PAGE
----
THREE-time Oscar winner Meryl Streep will surely be nominated again as best actress for her mesmerizing title role performance in “Florence Foster Jenkins”, which you should watch right away as we don’t think it will last very long in our theaters. We watched it on its first screening to make sure we won’t miss it and there were only about 10 of us inside the theater. Her story has already been told in a play, a documentary and a biographical book. Now, it’s a full length period film.
Set in New York in the 1940s, this is based on the true story of a wealthy socialite who aspired to be an opera singer and gained an odd, unusual kind of success even if she really cannot sing. When she strains for high notes like a screeching banshee, she sounds like a piece of corrugated iron being torn in half that can puncture anyone’s eardrums.
Despite her awful singing voice, Florence comes out as someone charming and endearing on screen the way Meryl portrays her. She’s a passionate music lover and heartily supports the New York music scene, befriending music greats like the legendary conductor Arturo Toscanini. She actually reminds us of other people like her who are not really that gifted and talented, but still have some high aspirations for the arts.
The difference is that she has the money she inherited from her father to indulge in her own whimsical ambition. Too bad for her the karaoke was not yet invented during her time, or she would probably have just settled for that. Because she’s moneyed, she has sort formed her own fans club and fed them generously with her favorite potato salad served liberally in bathtubs.
She even has her own private club, the Verdi, where she stages her own shows, including one performance where she played an angel hanging from the ceiling while some men are having a hard time pulling her up as she’s quite fat. She gives recitals where the audience members are “hakotees” by her husband and her ultimate goal is to sing at the prestigious Carnegie Hall.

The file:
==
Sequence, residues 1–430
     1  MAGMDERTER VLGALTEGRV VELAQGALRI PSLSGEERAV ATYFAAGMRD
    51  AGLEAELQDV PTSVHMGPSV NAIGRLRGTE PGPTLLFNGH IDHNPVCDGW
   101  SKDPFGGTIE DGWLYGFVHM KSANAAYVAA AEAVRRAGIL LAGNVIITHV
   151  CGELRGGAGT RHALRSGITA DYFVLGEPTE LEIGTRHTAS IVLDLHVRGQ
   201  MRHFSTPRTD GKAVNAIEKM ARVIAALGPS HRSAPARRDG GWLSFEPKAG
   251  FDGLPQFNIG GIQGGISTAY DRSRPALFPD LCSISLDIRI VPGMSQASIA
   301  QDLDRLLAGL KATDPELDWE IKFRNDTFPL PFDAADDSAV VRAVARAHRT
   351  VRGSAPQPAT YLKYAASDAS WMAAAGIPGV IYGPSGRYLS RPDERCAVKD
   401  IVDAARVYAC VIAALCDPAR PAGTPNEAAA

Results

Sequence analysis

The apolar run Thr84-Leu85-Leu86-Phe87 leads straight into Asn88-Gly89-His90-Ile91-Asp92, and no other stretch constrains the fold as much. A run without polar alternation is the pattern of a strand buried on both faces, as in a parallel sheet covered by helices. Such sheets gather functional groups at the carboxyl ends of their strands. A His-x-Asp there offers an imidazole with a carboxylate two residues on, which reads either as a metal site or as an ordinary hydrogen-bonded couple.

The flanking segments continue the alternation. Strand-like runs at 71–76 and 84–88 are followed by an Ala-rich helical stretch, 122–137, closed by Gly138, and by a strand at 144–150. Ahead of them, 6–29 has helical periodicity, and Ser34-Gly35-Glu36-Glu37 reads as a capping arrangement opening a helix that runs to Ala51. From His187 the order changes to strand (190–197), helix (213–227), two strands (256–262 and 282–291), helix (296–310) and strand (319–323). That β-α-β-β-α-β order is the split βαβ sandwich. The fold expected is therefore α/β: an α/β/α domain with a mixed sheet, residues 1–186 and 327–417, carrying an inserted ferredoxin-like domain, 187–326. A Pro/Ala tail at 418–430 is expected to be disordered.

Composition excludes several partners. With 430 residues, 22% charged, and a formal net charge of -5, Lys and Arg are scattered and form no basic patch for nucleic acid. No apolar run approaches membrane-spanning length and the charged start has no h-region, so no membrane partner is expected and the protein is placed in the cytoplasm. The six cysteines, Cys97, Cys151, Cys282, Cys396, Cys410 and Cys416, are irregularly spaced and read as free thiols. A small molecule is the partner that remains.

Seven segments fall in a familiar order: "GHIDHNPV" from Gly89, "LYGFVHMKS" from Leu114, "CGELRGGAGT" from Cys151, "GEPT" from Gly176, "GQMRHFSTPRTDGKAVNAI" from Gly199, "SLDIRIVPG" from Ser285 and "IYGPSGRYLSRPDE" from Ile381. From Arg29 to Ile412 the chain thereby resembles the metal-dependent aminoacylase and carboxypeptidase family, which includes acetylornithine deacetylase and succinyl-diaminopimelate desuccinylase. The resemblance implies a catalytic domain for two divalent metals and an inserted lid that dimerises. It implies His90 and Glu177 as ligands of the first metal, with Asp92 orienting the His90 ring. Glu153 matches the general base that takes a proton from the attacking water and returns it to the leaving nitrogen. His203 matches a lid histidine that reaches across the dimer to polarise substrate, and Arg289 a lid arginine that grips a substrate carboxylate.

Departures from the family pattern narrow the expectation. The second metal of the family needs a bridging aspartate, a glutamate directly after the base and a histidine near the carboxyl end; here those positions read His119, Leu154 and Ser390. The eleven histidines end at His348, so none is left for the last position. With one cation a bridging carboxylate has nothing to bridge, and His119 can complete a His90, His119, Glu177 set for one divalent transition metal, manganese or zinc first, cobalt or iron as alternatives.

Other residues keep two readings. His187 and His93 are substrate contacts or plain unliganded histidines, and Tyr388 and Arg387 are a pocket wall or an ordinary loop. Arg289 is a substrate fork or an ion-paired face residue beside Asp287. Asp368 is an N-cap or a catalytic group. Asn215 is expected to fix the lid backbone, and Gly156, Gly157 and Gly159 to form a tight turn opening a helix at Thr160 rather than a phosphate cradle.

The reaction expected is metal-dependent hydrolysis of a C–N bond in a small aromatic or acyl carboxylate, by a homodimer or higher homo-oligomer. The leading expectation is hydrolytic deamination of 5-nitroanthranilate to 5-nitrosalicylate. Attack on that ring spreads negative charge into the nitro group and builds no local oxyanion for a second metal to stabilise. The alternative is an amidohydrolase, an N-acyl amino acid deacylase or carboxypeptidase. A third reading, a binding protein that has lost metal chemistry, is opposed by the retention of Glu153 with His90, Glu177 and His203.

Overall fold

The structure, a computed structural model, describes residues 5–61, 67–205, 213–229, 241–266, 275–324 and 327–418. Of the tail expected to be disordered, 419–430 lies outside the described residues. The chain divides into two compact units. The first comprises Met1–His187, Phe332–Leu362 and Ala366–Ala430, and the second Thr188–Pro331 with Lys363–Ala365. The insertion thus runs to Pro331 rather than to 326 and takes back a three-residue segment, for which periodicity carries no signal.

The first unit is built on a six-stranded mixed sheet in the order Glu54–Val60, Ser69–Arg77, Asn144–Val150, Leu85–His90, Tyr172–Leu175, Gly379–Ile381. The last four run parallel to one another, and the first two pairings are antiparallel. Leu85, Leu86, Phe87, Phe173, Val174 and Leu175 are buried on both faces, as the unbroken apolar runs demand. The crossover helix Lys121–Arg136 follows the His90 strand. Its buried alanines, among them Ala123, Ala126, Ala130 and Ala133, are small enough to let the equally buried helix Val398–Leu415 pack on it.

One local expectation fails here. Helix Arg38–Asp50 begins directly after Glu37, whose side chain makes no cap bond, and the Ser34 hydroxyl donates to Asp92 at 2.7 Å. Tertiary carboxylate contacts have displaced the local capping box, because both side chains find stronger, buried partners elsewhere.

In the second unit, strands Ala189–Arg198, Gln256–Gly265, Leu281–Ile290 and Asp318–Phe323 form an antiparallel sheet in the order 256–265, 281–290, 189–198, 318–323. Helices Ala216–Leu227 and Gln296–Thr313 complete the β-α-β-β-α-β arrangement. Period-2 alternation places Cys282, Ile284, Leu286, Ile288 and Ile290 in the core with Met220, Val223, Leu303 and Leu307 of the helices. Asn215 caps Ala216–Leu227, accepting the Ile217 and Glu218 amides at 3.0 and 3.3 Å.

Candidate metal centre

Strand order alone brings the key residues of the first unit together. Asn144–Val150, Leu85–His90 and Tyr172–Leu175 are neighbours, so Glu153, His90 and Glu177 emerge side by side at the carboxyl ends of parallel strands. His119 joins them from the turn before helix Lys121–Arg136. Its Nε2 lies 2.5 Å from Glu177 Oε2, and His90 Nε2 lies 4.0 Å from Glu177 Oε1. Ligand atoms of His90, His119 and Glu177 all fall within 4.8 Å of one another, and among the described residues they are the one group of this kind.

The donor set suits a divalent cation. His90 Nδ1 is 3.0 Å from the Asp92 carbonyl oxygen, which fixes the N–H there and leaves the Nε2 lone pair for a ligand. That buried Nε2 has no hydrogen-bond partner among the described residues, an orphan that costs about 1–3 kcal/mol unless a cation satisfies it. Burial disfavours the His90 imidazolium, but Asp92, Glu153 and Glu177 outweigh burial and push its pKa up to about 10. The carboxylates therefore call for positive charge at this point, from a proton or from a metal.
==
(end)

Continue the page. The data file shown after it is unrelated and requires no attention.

Meryl shows another astonishing chameleonic transformation as Florence, something like her similarly stunning performances as Margaret Thatcher, Julia Child, Lindy Chamberlain, Rikki Rendazzo, Miranda Priestly, among others. She truly nails the role, without ever going over the top. She makes Florence quite endearing as a not so gifted 76-year old woman who desperately wants to share her intense passion for music with other people. She is made to look older and fatter in the role, using a wig to cover her balding head. In the end credits, an actual recording of the real Florence is played and we see how successful Meryl is in aping the way Florence sings that badly.
British director Stephen Frears does a wonderful job in capturing the essence of Florence with the help of Meryl. This is not surprising since he has previously coaxed similarly excellent portrayals from Helen Mirren in “The Queen” (which won her an Oscar) and from Judy Dench in her acclaimed performance as the mom looking for her long lost son in the tearjerker “Philomena”.
Giving splendid support is an aging Hugh Grant as Florence’s doting second husband, St. Clair Bayfield (he should get an acting nomination at the very least), a mediocre Shakespearean actor who roots for Florence despite her limitations and protects her from her detractors, even if has his own lover living in a separate apartment (Rebecca Ferguson.)
Not to be outdone is Simon Helberg (the TV actor from “Big Bang Theory”) as Cosme McMoon, Florence’s shy but loyal pianist who accompanies her when she sings. At first, he has to stifle his laughter while listening to Florence’s horrible singing as an operatic soprano, but eventually, he cultivates some fondness for Florence as seen in their very poignant Chopin piano concerto duet where it’s clear they’ve already made a connection when the affectionate Florence visits him in his humble home.
The film is set in the last few months of Florence’s life and becomes quite sentimental towards the end. The scene where Bayfield puts her to bed, reciting some lines from Shakespeare like a lullaby, then carefully removing her wig and her lashes, is simply very touching. It’s clear that she is sick and it’s so poignant when we learn she got it from her first husband when she was only 18 years old.
The film never really makes fun of Florence. We get to know her more intimately even before her atrocious singing starts. By that time, we already know she’s really a kind and good-hearted person so we tend to sympathize with her, despite her bad singing. This film is definitely worth watching and is surely a great alternative in these days when we see nothing but sequels and superhero fantasy movies.